typecasting a bitfield to unsigned long long

Discussion in 'C Programming' started by Sushil, Nov 28, 2003.

  1. Sushil

    Sushil Guest

    hi Gurus

    I'm a newbie learning C.
    I've a question, relevant code snippet is as follows :

    typedef unsigned long long ulonglong;

    struct foo {
    unsigned dummy : 2;
    unsigned n : 24;
    unsigned c : 3;
    unsigned d : 1;
    unsigned v : 1;
    unsigned g : 1;

    ulonglong func_foo(void) {
    ulonglong addr;
    struct foo entry;

    /* code that populates entry snipped*/

    addr = entry.n << 12;

    This caused sign extended value in addr which is not we want.
    Would the following be a good fix or clc gurus have a better suggestion?

    addr = ((ulonglong)entry.n) << 12;

    I'm concerned that there is more to it than what I feel the fix is.

    Thanks in advance
    - Sushil
    Sushil, Nov 28, 2003
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  2. Sushil

    Jack Klein Guest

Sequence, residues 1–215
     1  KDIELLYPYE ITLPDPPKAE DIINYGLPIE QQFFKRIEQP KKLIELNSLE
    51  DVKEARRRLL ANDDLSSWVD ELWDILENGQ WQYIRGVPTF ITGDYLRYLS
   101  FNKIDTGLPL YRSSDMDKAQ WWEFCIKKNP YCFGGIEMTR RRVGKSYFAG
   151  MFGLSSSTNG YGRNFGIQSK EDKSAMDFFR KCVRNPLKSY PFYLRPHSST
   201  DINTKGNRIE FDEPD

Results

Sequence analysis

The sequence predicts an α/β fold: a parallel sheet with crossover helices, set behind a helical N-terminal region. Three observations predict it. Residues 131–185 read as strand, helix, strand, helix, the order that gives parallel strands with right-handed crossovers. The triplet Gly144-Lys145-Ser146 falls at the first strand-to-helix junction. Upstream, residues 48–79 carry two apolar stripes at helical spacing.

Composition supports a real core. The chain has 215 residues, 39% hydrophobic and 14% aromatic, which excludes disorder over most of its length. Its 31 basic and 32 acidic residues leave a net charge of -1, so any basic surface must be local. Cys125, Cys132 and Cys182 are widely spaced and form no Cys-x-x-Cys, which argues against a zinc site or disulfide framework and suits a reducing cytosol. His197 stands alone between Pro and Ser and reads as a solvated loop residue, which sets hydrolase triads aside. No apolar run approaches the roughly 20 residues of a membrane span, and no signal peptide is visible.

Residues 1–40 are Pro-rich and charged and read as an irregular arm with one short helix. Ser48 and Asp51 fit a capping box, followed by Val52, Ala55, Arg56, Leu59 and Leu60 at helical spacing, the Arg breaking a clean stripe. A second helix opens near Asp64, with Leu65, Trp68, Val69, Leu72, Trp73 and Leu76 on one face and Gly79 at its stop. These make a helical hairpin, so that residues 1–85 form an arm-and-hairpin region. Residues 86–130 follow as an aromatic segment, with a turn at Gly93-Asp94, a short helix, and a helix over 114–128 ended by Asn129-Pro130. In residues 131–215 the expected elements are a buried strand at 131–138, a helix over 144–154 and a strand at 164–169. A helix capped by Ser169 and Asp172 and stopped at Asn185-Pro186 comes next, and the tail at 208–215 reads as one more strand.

This is a problem, due to C's value preserving promotion rules.
    Assuming ints have more than 24 bits on your platform, the unsigned
    value in entry.n is converted to a signed int, then left shifted 12
    times producing a signed int value. If your ints have 32 bits, the
    top four bits of entry.n are shifted off the end and disappear.
    This will work just fine. The 24 bits in entry.n will be placed in
    the lowest 24 bits of an unsigned long long. No sign extension will
    occur, and there is no possibility of overflow.
    There are ways to define a union consisting of a bit-mapped structure
    and an unsigned long long, but doing it with the cast is more portable
    and doesn't need to be modified if any of the bit-fields change size,
    position, or are added or deleted.

    Jack Klein
    Home: http://JK-Technology.Com
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    Jack Klein, Nov 28, 2003
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